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MarcTC
Obsidian | Level 7
Here are two address:

128 W. Main Street, Noland, NW
128 West Main St., Noland, NW

There are the same address. I want to know if SAS has any tool to tell me they are the same. The addresses can be a lot more complicated than the above. It is hard to come up the rules and put into a program to match them all.
8 REPLIES 8
SPR
Quartz | Level 8 SPR
Quartz | Level 8
Hello MarcTC,

I think that this can be achieved by formats. However, you still have to determine all rules to identify possible variations. For example, for street:
[pre]
proc format;
value $st
"ST."="Street"
"ST"="Street"
"Street"="Street"
;
run;
[/pre]
Sincerely,
SPR
Cynthia_sas
SAS Super FREQ
Hi:
I know that the DataFlux tool, available as part of the Data Integration Studio can be used to "clean up" data like you show.

For more information, refer to:
http://www.dataflux.com/home.aspx?lang=en-us
http://www.sas.com/data-quality/df-integration-server/index.html
http://www.sas.com/technologies/dw/index.html

I'm not sure whether the DataFlux Studio is still a standalone product or not. You may want to check with your Sales Rep or with Tech Support on this.

cynthia
Doc_Duke
Rhodochrosite | Level 12
I'm not sure that SAS has that many built in tools (though it does have the functions that allow one to build them). However, there is lots of commercial software for doing "address normalization." I am familiar with them for US mailings (I've used this company, but there are others, http://www.melissadata.com/ ).

If you first ran all of your addresses through a program like they sell, then the matching process would be much simpler.
MarcTC
Obsidian | Level 7
Can Proc Geocode do such address standardization/correction/normalization? I don't have SAS 9.2. TS2M3, so can't test it out.

According to some internet posts, Google MAP API can do this task. SAS has a product called SAS Google Map Generator. I wonder if this generator allows users to access Google MAP's address normalization function.
Patrick
Opal | Level 21
Hi

I believe with SAS it's either the data quality server (data flux) or you have to develop a set of Regular Expressions (which will be painfull).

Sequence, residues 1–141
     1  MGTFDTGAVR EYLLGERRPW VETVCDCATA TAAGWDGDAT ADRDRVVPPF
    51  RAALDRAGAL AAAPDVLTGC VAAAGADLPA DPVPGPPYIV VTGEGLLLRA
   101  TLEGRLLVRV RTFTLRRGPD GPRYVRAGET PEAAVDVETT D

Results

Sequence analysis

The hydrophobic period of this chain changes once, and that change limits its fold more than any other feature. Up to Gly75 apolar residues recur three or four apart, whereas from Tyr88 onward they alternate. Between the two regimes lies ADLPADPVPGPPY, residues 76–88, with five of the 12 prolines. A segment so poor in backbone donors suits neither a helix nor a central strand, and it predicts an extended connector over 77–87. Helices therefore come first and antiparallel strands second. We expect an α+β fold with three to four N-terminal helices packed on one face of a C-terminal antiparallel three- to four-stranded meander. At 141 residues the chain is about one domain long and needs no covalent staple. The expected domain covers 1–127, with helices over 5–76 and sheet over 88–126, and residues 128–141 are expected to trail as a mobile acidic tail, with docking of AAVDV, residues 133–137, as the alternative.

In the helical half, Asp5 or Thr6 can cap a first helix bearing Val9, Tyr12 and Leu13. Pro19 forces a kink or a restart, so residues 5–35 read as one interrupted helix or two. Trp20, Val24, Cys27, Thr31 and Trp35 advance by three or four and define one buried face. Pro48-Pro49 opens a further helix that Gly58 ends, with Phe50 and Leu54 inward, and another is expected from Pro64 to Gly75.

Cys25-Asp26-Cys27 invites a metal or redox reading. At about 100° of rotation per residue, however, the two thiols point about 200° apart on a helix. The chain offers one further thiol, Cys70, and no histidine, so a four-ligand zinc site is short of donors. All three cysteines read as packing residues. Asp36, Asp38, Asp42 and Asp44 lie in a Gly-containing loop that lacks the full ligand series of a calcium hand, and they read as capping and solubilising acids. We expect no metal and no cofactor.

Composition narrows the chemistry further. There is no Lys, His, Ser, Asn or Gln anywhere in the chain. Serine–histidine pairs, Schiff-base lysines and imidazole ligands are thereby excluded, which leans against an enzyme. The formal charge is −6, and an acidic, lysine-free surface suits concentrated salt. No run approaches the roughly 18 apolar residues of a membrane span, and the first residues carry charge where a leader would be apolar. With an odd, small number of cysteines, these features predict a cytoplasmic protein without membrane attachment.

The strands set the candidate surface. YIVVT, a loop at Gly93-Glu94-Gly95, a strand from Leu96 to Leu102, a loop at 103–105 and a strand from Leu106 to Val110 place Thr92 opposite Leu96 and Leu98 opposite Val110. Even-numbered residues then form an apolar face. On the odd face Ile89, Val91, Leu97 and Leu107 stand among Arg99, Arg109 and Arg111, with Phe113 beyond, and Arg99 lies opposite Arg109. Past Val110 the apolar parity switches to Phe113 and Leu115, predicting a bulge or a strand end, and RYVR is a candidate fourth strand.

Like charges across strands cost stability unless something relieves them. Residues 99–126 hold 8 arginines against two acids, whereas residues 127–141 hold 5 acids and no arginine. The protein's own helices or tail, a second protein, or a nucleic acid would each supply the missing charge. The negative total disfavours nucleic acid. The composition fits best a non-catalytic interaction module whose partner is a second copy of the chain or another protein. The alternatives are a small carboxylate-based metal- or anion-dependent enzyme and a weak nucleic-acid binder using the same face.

Just did a quick google search.
There are sites with RegEx patterns which might help you, i.e:
http://regexlib.com/DisplayPatterns.aspx?categoryId=7&cattabindex=6

My thinking is:
You could use PRXCHANGE() to transform similar patterns to one standard string - and then compare these standard strings.


HTH
Patrick

Message was edited by: Patrick
MarcTC
Obsidian | Level 7
Just check online articles. It seems PROC GEOCODE's street level address geocoding only produce X/Y coordinateness and no normalized address. Can I use X/Y coordinates to match the data?
SusanJ516_sas
SAS Employee
Doc and other resources for SAS Data Quality Server are on its Software Product page:

http://support.sas.com/software/products/dataqual/

SAS Data Quality server is sold as part of the SAS Data Quality Solution, and it is also available through the software offerings, SAS Data Integration Server and SAS Enterprise Data Integration Server:
http://support.sas.com/documentation/onlinedoc/dis/
http://support.sas.com/documentation/onlinedoc/entdis/

These offerings include DataFlux products that the SAS Data Quality Server interacts with.
r_bomb
Calcite | Level 5
I have done this process before and the basic procedure was to first of all separate out the parts of the address into their own fields (ie. street_address, city, state, zip). The easiest way to do the former is with regular expressions.

Secondly you will need to standardize the wording in the addresses, eg. substitute all abbreviations with the full name. In your example above, if you came across "W" or "W." or "Wst" etc in your street_address field change them all to "West". The easiest way to get a list of common abbreviations is to 'tokenize' the entire address so that you get a frequency count of the words used in the dataset. Common abbreviations like Rd, Ln, St etc will bubble to the top. You then manually make a mapping using whatever technique you like best.

Lastly you can use the SAS soundex() function to identify addresses that are the same but may contain typos or misspellings. Ie. Main Street, Main Streat, Maine Street would all be considered the same using the soundex() function. When you have a match on say the soundex(street_address) + zip + name you can be reasonably certain that it is the same address even when they have misspellings and/or typos.

Hope this helps.

Cheers
Rob

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